The timer RUN switch 31 is connected to the input terminal T of T-F/F 35, the timer set switch 32 is connected to one of the input terminals of the OR circuit 37 and to one of the input terminals of the AND circuit 41, the tempo setting switch 33 is connected to the tempo setting register 20 and the ON/OFF switch 34 is connected to the input terminal T of T-F/F 36, respectively. The Q output of T-F/F 35 is connected to one of the input terminals of each AND circuit 39, 40, to the input terminal of inverter 13 and to the up-down control inputs (U/D) of the second, minute and hour counters 14, 15 and 16, respectively. The output of the AND circuit 39 connected to the input terminal of the second counter 14, the output of the second counter 14 is connected to one of the input terminals of the OR circuit 38, the output of the OR circuit 38 is connected to the input terminal of the minute counter 15 and the output of the minute counter 15 is connected to the input terminal of the hour counter 16, respectively. A 1 Hz-signal is inputted to the other input terminal of the AND circuit 39 from the variable frequency division circuit 21 and the output of the inverter 13 is applied to the reset input R of the second counter 14 and to the other input terminal of the AND circuit 41. The output of the AND circuit 41 is applied to the other input terminal of the OR circuit 38 and the output of the OR circuit 37 is connected to the reset input terminal R of T-F/F 35, respectively. The count outputs of the minute and hour counters 15, 16 are connected to the input terminals of the zero detection circuit 17 and display circuit 23, respectively, and the output of the zero detection circuit 17 is connected to the input terminal of the one-shot multivibrator circuit 18, whose output is in turn connected to one of the input terminals of the OR circuit 26, to the other input terminal of the AND circuit 40 and to the input terminal of the delay circuit 19. The output of the delay circuit 19 is connected to the other input terminal of the OR circuit 37.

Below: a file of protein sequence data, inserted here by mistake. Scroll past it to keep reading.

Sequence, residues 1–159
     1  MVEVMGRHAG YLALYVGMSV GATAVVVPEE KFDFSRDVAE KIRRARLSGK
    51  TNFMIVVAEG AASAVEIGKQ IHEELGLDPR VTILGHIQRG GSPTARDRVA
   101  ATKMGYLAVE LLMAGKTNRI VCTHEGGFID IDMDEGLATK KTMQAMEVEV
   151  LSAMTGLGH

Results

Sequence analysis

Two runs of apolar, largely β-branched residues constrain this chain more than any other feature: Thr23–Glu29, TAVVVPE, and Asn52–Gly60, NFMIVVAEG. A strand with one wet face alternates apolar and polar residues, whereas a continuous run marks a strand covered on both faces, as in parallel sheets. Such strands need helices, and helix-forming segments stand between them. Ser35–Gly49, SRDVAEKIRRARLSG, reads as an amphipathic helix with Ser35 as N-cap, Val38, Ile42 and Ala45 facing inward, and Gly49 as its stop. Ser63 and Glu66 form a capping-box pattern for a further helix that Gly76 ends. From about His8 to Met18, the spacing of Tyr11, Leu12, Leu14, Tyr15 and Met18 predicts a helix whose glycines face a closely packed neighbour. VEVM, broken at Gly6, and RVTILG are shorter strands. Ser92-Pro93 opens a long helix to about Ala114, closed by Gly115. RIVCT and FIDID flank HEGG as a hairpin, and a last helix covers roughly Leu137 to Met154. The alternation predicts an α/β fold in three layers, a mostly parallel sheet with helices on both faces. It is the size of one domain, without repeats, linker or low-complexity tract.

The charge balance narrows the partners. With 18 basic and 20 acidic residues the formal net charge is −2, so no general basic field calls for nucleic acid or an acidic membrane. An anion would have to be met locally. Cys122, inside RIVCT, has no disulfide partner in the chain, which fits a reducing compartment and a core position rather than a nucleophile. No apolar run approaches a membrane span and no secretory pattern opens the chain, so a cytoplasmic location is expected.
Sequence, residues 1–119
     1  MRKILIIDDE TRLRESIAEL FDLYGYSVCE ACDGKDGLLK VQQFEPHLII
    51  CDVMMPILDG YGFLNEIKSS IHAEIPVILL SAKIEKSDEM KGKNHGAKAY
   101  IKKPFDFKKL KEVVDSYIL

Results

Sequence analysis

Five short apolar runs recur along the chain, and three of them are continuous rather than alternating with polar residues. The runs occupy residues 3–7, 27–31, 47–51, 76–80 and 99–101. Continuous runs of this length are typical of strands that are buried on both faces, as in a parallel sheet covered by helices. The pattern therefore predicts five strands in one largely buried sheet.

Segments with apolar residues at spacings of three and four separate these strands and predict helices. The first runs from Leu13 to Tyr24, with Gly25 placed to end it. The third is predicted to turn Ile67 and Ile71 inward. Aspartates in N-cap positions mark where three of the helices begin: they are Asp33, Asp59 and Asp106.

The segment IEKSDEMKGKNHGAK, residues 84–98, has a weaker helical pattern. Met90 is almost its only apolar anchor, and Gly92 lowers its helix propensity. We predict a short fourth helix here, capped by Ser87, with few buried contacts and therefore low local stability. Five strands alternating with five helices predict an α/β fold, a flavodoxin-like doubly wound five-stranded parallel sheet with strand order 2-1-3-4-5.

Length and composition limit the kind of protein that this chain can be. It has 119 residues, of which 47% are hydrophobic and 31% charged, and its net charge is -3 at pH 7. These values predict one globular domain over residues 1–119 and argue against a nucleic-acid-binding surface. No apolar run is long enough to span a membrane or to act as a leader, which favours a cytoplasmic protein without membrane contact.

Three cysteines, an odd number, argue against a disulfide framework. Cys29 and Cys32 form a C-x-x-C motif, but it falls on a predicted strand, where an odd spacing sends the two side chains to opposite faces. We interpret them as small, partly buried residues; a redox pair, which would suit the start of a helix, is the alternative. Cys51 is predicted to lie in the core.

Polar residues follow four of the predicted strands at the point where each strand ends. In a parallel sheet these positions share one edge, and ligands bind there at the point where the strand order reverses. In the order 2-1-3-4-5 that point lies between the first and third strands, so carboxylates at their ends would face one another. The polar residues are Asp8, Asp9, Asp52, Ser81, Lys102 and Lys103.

The output of the tempo setting register 20 is connected to the input terminal of the display circuit 23 and to the input terminal of the variable frequency division circuit 21 and the output of the variable frequency division circuit 21 is connectected to the input terminal of the one-shot multivibrator circuit 22, whose output is connected to one of the input terminals of the AND circuit 42. The output of this AND circuit 42 is connected to the other input terminal of the OR circuit 26 and the output of the OR circuit 26 is connected to one of the input terminals of the AND circuit 27, whose output is connected to the input terminal of the sound generation device 25. The Q output of T-F/F 36 is connected to the other input terminal of the AND circuit 42 and the output of the AND circuit 40 is connected to the reset input terminal R of T-F/F 36.

A φ signal which is a reference clock is applied from the oscillator to the variable frequency division circuit 21 and a 4 KHz signal as a sound generation signal, which is generated by the variable frequency division circuit, is applied to the other input terminal of the AND circuit 27. The display circuit 23 generates the driving signals for displaying the tempo and the counter values on the display member 24 on the basis of the values outputted from the tempo setting register, the minute counter 15 and the hour counter 16 and displays them on the display member 24.

Next, the operation of the present device will be explained. This embodiment explains the operation of the metronome which generates the tempo sound for a predetermined time (timer set value) by way of example. First of all, T-F/F 35 is a flip-flop which controls timer subtraction. It makes the substraction operation when the Q output is at a level "1" and its operation is stopped when the Q output is at a level "0" as the logic "1" is inputted to R (reset) of the second counter 14 through the inverter 13. T-F/F 35 is also a flip-flop which controls the existence and absence of sound generation. It generates the sound (tempo sound) when the Q output is "1" and does not generate the sound when it is "0". The second, minute and hour counters 14, 15 and 16 are timer counters capable of up-down operations. The tempo setting register 20 stores the number of tempos set from outside such as tempo =120, for example. The variable frequency division circuit 21 divides the frequency of the reference clock φ by a predetermined number in accordance with the memory content of the tempo setting register 20. This is determined in accordance with the number of tempos.